The NC Council of Churches is proud to publish a brand new e-book collection of testimonies from Moral Mondays. With 32 short vignettes from North Carolinians across the state, Voices of Moral Mondays tells the story of everyday folks being motivated to speak out on account of their faith. Many, though not all, of the accounts describe what it was like to engage in civil disobedience and be arrested by the authorities. Click here to download the free e-book.
By Patricia B. Anthony, Clayton
On June 10, I chose to exercise my Constitutional right to petition my legislature, to express my concerns about legislation they had passed and were considering. To be clear, we did not go there to be arrested, we went to present our grievances to the legislature. I chose to remain standing when the police ordered us to disperse, and I was arrested, handcuffed, and brought to the Wake County Detention Center. My reasons for feeling so strongly are many.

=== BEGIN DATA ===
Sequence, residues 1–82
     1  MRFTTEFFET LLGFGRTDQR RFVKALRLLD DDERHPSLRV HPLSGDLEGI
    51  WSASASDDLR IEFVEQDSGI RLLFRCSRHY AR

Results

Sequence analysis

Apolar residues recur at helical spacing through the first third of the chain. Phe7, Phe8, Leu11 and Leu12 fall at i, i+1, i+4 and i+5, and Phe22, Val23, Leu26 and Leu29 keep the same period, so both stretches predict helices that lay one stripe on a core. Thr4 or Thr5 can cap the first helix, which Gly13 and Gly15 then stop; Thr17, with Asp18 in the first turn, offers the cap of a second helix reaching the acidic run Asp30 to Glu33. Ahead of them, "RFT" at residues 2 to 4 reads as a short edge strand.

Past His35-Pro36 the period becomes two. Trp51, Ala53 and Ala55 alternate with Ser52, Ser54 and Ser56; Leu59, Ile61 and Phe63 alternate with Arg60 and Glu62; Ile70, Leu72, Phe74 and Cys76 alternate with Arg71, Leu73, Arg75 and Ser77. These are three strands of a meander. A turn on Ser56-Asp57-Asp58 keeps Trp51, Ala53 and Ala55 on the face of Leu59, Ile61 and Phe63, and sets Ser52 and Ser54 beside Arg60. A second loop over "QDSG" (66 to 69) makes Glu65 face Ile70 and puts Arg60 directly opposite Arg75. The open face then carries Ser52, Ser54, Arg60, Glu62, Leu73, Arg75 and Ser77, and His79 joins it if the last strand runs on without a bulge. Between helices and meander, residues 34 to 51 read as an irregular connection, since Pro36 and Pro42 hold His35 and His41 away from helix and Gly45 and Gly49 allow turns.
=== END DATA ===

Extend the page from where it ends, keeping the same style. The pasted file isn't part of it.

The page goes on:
I have been feeling as if the state legislature is going through the capital with a bulldozer, pushing back decades of progress in education, in health care, in civil rights, in voting rights, in environmental protection, in workers’ rights – all things I care about and that I believe are essential for us to live as free people. I felt helpless and hopeless. I saw some news coverage of the Moral Monday protests, and then I saw video of Rev. Vernon Tyson, an 84-year-old retired Methodist minister, talking about his experience getting arrested. He inspired me to follow his lead.
I participated in the demonstrations as a supporter for a few weeks before I finally took the steps that led to my arrest. Each week my frustration and anger grew stronger at the way the legislature was treating the “least of these,” the ones Jesus told us to care for. Many of their decisions seemed to me not even fiscally sound but just mean-spirited. Turning down money to provide health care for half a million people who can’t afford it?
Those people are still going to get sick. And they’ll be sicker when diagnosed, because they haven’t had regular care. And they’ll go to the emergency room, the most expensive place to get treatment, because they don’t have any other options; and they won’t pay for it because they don’t have the money. So who pays for that? We all do, don’t we?
Finally, in the company of many like-minded citizens, I took my stand. I was arrested with teachers, social workers, clergy, students, retirees, but no corporate CEOs to my knowledge. I feel it was the right thing to do, and I would do it again without hesitation.